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Nate Robinson Puts Forth an Unexpected, Yet Welcome Performance

This is my house? (Photo by Jim Rogash/Getty Images)
This is my house? (Photo by Jim Rogash/Getty Images)
Getty Images

Yeah, like you knew that was going to happen. 

Remember the end of 'D3: The Mighty Ducks' when Goldberg, of all people, scores the game-winning goal to defeat the varsity team, causing Portman and Germaine to stare at each other and go: "Goldberg?...Goldberg!"? 

As I was watching Nate Robinson erupt for a 13-point second quarter in Game 6 of the Eastern Conference Finals last night, I found myself in the midst of an almost identical reaction: "Nate Robinson?...Nate Robinson!" 

My surprise did not stem from a lack of belief in the talent Robinson possesses, but rather, the simple fact that he has played such a minor role for the Celtics in these 2010 playoffs. I certainly expected some things to be different from Game 5. I figured Paul Pierce would take more than eight shots, Ray Allen would find his stroke at the appropriate time, and I assumed Rajon Rondo would record more than six assists. But did I expect Robinson to contribute in such a momentous manner? Nope. Did you? But, we can now sit here, both pleasantly surprised and enamored in the wake of what unfolded last night.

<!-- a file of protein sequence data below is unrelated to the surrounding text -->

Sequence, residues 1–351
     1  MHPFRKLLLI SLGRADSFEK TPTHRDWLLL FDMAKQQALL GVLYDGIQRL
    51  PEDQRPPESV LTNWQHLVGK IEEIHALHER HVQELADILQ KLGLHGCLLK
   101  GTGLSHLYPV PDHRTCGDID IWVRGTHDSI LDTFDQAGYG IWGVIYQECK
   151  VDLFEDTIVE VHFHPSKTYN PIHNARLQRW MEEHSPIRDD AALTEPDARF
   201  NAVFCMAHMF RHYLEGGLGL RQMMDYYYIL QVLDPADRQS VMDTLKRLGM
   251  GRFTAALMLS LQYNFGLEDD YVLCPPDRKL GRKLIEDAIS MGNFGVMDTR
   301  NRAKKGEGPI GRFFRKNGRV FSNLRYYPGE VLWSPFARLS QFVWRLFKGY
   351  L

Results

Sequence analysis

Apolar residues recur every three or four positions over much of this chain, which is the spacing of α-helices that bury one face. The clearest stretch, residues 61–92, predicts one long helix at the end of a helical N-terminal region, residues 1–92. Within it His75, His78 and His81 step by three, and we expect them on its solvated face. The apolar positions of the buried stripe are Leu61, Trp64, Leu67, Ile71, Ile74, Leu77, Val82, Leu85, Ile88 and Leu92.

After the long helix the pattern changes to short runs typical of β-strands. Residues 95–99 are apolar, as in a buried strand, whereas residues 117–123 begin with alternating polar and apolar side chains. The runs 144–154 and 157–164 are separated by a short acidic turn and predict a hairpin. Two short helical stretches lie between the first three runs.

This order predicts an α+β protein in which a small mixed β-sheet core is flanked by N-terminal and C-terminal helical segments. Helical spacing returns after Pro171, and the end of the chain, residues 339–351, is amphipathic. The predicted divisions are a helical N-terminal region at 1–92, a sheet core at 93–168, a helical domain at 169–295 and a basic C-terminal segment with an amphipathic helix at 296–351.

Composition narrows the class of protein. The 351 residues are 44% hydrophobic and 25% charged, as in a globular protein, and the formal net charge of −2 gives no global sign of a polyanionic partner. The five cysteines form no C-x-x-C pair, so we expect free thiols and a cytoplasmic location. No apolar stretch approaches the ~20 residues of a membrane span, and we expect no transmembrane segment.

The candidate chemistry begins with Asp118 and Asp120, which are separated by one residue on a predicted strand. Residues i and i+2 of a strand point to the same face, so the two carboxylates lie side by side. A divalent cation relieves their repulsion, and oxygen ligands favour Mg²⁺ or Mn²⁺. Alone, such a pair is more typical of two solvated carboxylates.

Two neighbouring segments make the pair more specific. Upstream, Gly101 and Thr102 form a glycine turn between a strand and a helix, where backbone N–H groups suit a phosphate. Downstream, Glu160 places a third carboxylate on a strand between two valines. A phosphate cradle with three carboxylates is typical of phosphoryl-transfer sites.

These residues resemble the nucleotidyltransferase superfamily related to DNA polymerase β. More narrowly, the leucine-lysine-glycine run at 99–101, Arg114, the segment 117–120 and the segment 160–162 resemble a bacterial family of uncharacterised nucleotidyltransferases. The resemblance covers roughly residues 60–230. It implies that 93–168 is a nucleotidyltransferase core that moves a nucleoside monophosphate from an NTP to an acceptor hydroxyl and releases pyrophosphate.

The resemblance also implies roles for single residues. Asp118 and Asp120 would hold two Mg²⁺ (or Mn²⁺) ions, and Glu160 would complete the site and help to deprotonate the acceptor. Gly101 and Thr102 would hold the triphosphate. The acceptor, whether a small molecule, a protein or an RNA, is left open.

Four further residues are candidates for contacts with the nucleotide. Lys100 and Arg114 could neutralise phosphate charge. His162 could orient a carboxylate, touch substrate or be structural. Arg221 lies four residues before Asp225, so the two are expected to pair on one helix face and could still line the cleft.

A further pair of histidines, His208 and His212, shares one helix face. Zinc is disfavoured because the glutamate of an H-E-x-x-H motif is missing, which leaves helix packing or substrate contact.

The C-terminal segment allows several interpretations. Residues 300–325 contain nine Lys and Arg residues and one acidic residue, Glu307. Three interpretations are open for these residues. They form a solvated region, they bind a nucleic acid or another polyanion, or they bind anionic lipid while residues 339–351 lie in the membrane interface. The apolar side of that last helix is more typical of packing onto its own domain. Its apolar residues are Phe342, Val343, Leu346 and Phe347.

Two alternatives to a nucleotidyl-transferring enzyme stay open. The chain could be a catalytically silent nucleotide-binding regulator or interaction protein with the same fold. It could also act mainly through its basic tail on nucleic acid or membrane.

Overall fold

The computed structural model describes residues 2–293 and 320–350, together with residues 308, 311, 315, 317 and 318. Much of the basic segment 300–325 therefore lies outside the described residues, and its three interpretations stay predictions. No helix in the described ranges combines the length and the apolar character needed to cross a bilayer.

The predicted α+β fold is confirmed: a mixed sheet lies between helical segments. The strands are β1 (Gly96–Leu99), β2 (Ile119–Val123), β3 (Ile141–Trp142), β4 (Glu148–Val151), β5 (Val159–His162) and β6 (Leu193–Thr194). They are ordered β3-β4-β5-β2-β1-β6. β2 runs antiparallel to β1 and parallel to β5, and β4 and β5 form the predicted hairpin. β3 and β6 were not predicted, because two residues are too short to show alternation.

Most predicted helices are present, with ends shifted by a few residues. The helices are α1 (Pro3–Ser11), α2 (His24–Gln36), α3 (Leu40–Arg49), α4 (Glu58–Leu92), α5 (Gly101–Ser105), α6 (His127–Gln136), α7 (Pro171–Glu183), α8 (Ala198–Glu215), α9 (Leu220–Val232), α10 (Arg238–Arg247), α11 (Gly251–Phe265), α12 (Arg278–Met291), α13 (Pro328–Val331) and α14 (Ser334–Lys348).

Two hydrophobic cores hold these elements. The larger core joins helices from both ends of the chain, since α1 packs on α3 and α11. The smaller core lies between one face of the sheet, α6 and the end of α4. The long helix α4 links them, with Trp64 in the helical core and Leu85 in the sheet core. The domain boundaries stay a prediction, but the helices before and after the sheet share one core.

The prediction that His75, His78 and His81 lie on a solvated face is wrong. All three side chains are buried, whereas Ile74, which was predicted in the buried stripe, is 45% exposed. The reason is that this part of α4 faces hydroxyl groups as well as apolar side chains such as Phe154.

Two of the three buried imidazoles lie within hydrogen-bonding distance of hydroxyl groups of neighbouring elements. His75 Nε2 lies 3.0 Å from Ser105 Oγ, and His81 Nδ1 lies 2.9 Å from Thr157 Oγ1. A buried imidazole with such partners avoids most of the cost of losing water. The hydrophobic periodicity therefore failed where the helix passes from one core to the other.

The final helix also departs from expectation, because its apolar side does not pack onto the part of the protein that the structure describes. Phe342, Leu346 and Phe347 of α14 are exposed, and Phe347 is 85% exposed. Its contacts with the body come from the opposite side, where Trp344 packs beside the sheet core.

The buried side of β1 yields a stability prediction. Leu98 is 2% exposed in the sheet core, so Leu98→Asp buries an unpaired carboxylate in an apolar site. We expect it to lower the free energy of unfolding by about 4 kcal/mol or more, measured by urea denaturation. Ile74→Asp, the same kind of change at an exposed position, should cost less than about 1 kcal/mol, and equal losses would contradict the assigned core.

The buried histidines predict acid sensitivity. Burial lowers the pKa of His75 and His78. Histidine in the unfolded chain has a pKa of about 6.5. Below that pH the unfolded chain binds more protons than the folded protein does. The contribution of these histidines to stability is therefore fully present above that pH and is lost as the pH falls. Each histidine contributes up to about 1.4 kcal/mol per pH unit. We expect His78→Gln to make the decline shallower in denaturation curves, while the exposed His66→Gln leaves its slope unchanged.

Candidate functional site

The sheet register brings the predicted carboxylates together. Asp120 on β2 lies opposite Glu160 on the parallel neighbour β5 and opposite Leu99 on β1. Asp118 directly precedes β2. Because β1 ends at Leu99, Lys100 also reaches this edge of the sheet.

Perhaps it's a direct result of his insider access, but Doc Rivers has been dead-on on two of his most important predictions heading into the postseason. Way back in the regular season, he maintained his stance that his team was "close", and they shifted gears at the appropriate time once the playoffs got under way. He also anticipated a game-changing performance from Robinson in the postseason, which, even more than his prediction for his club as a whole, might have seemed like nothing more than blowing smoke. 

But Doc stayed true to his premonition, imploring Robinson after each and every practice to stay in tune with what the Celtics were doing. And as much as you wanted to buy into the idea of Robinson playing the role of the hero (insert KryptoNate vs. Superman joke here), what evidence was there to go off of that such a scenario could actually unfold? Doc stuck to a steady rotation of the five usual starters, along with Tony Allen, Glen Davis, and Rasheed Wallace. Robinson played a grand total of 12 minutes in five games against the Miami Heat, and followed those up with a mere 17 minutes in six games against the Cleveland Cavaliers, with 13 of those minutes coming in the 29-point loss in Game 3.